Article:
Werth: Oswald Morris' Oscar-winning cinematography turns the expansive Yugoslavian countryside into a work of art, making its bleakness beautiful. And the actors (many cast for their believability over their marquee status) are shot in muted tones and minimal makeup, eschewing the typical glamor shots that had defined the Hollywood musical for a simpler aesthetic. 
At the 1972 Academy Awards, Fiddler lost the Best Picture prize to William Friedkin's The French Connection (tough competition that year with both A Clockwork Orange and The Last Picture Show in contention), but it remains a stunning example of the joy and the power of the American musical. What film flips your yarmulke, Wise?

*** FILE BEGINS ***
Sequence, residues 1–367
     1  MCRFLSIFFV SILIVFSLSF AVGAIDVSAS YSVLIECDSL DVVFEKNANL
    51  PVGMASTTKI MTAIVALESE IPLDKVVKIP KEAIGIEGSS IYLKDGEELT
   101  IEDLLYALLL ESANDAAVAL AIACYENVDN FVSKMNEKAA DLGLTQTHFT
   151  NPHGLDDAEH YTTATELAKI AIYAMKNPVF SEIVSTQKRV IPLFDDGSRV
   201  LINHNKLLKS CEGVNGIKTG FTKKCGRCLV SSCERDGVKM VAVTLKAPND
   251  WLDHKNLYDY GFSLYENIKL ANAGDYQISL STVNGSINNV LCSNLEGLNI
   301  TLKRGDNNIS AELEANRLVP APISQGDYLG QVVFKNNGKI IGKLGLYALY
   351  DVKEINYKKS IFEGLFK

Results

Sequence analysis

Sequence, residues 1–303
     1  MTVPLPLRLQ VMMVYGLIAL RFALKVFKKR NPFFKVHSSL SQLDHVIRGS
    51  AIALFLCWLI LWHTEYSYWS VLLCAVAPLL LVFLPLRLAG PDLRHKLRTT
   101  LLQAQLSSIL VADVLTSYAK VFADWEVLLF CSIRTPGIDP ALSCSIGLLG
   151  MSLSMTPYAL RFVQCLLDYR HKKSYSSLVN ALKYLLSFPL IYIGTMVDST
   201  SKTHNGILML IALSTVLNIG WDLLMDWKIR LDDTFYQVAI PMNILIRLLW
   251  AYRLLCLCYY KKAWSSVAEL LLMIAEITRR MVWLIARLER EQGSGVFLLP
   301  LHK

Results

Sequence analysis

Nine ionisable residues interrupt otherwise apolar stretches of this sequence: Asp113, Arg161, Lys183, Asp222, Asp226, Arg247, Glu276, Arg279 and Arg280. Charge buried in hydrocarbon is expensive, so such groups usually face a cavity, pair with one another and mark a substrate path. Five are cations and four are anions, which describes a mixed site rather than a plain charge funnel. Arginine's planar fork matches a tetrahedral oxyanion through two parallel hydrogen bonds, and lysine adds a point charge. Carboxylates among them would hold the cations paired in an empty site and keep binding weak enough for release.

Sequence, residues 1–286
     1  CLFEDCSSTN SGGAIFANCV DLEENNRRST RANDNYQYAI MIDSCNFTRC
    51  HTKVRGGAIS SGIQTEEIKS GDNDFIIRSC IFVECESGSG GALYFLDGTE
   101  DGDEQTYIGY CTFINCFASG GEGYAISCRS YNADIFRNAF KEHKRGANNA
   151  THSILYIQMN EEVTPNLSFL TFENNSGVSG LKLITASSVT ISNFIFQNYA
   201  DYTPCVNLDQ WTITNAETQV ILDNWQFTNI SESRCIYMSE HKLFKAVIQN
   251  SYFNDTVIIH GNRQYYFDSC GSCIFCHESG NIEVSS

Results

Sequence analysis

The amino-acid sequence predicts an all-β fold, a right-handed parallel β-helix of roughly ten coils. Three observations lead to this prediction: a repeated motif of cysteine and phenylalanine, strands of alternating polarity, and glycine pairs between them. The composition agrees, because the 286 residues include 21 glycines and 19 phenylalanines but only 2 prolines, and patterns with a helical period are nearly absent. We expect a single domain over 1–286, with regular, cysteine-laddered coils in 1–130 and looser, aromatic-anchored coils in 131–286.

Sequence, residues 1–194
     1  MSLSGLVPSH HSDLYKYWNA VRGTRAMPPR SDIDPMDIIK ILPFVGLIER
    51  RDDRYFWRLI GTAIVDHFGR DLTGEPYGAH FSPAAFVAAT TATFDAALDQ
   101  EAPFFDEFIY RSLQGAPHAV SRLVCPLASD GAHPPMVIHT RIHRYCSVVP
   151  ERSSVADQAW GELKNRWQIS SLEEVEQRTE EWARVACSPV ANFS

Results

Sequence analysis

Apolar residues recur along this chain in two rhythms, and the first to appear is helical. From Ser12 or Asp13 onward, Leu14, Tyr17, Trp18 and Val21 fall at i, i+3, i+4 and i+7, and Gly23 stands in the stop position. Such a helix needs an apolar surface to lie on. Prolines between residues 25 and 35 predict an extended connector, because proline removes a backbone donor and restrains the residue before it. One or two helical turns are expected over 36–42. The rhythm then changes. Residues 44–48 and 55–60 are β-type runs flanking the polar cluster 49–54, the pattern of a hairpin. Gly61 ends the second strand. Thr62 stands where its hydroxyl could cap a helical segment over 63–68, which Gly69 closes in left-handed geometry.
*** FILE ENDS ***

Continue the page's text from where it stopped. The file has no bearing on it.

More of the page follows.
Wise: Adapted by Alfred Uhry from his Pulitzer Prize winning play of the same name, Driving Miss Daisy (1989) stars Jessica Tandy as an aging Jewish widow whose son hires a chauffeur named Hoke (Morgan Freeman) after a series of traffic mishaps causes her to lose her license.  Despite her original reluctance, Miss Daisy gradually begins to appreciate Hoke's talents and to recognize the limitations he has had to endure in the pre-Civil Rights era Atlanta.  

Werth: The Help doesn't sound so original anymore.  

Wise: Driving Miss Daisy is a little different, I think, because she remains a cantankerous character and never positions herself as a savior to oppressed people.  Plus, this is a movie about two individuals recognizing their equality rather than a group of powerless servants getting a boost from a spunky gal with other goals on her mind.

Werth: Who knew driving to the Piggly Wiggly could be so trans-formative?